Pathogens introduced to the system by plants, as well as difficulties of pollination for crops still pose significant hurdles to the design. In addition, as much as 20 m2 of plants would be required to feed a single astronaut.

The proposed system, is unlikely to be up and running any time soon. Chartres estimates it will be another 20 to 30 years before the funding for the set-up and the practicality of providing the space for plant growth in a spacecraft is realised.
"This is an issue that is not only important for future long duration human space missions, but for humans on Earth as well," said [Mark Kliss, a bioengineer with the NASA Space Biosciences Division in Moffett Field, California].
Reference Here>>

And this, one of the comments posted below the article in Cosmos Online proposed the following:

Tilapia? How about a can of Worms?

Ok, leave your cultural biases at the door if you mainly live in Europe or the USA, are they at the door? Ok then...

The article mentions that the astronauts could grow tilapia as a protein source?!?

Oh wait, they could also grow some cows, I hear those are really efficient...Microlivestock (INSECTS) is a much better choice as a protein source for astronauts, as well as vitamins, minerals and fiber (chitin).

Because people don't eat insects as food in SOME parts of the world, doesn't mean they are not a healthy, delicious, and in this case efficient part of the human diet. Some insects have much better feed efficiencies than larger animals, and some (not all) can be grown in much closer proximity than larger animals. AND as a bonus, if we humans seize to exist on earth, and then supplies stop coming to the moon, them cockroaches will also outlast us in the moon and mars as well...

This comment is meant to be taken seriously, and before someone replies ignorantly or emotionally to it research about the subject...if your current society doesn't eat insects, it's neither good or bad, but it is your context, if you are grossed out try to view it from outside your current context.

Submitted by InsectMan on 10 October 2007 - 8:19am.

Finally, this excerpted and updated comment about the article from Luna Gaia project leader, James Chartres aerospace engineer at the University of Adelaide in South Australia -

Re: Self-sufficient space habitat designed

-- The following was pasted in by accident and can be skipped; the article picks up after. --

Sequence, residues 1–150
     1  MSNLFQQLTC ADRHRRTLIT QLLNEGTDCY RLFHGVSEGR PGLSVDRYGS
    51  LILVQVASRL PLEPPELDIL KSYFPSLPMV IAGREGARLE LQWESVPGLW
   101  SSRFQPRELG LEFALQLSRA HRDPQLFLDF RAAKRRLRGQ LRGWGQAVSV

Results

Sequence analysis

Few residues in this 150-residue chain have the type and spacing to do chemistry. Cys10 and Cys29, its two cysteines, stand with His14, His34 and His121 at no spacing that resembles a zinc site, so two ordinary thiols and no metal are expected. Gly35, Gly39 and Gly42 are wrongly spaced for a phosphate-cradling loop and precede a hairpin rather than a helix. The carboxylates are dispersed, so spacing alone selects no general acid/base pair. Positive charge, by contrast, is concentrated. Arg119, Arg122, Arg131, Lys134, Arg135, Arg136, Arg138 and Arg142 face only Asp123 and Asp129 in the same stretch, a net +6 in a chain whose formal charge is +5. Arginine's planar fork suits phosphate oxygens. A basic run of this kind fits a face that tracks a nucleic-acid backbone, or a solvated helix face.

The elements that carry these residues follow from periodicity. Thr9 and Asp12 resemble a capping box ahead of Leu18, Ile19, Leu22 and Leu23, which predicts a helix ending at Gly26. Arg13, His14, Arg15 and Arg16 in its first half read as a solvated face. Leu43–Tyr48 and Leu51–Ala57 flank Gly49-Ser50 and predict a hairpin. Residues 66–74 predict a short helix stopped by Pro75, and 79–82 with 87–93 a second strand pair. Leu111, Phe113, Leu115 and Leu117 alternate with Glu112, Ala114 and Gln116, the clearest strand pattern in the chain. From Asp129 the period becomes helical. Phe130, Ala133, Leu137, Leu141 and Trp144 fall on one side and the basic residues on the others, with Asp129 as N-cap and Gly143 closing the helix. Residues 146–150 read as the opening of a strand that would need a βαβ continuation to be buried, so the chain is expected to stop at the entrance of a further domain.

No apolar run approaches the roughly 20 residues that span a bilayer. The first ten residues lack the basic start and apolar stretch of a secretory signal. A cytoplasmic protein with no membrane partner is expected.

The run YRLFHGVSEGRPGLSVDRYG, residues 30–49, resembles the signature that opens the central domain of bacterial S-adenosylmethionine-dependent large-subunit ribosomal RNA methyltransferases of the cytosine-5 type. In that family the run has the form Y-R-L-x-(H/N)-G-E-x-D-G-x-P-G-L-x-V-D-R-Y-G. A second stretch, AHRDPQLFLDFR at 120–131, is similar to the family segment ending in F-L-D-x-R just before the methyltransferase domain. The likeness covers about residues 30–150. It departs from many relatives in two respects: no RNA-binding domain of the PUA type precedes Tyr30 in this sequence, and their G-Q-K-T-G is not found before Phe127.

The actual study was done within a team of 32 professionals from 12 different countries and was not Australian led as we worked as a cohesive a team. The life support system design team consisted of 9 people from 6 different countries including Australia, Canada, China, Japan, Spain and the United Kingdom.

One of the aims of the research was to develop a life support system that would reduce the amount of required resupply. As mentioned in the article things like leakage, luxury items and spare parts prohibit the system from being completely self sufficient or closed loop. The research was intended to provide recommendations for future avenues of research and identify where current gaps are.

The reason for the large lead-time is that such a biological system on such a massive scale would take a long time to research and understand. Additionally, the construction and development of such a large system would take a long period of time due to the heavy lift capabilities required to get that much mass to the moon. Understanding such a complex system including the mass balance and where storage buffers would be required would need significant research and there are many issues to overcome. Studies have shown that the use of bio-regenerative methods only become feasible if mission durations exceed 2.5 to 3 years depending on the size of the crew. The 20 to 30 years is an estimate and like most research could change dramatically given the required resources and personnel.

We also actually looked at the possibility of including insects as a food source. There have been some published studies in Japan about the use of insect and as a source of protein they are another possible option that was considered and further research was recommended.

I recently spent 3 months in China interacting with students and also CASC the Chinese Aerospace Science and Technology Corporation. I would argue from my experience in China that the Chinese do not view space as a plaything and there is a tremendous amount of national pride for their space program. This is demonstrated in such things as astronaut images on bottle of water and the large amount of news coverage it receives on the CCTV stations.

Submitted by James Chartres on 10 October 2007 - 12:56pm.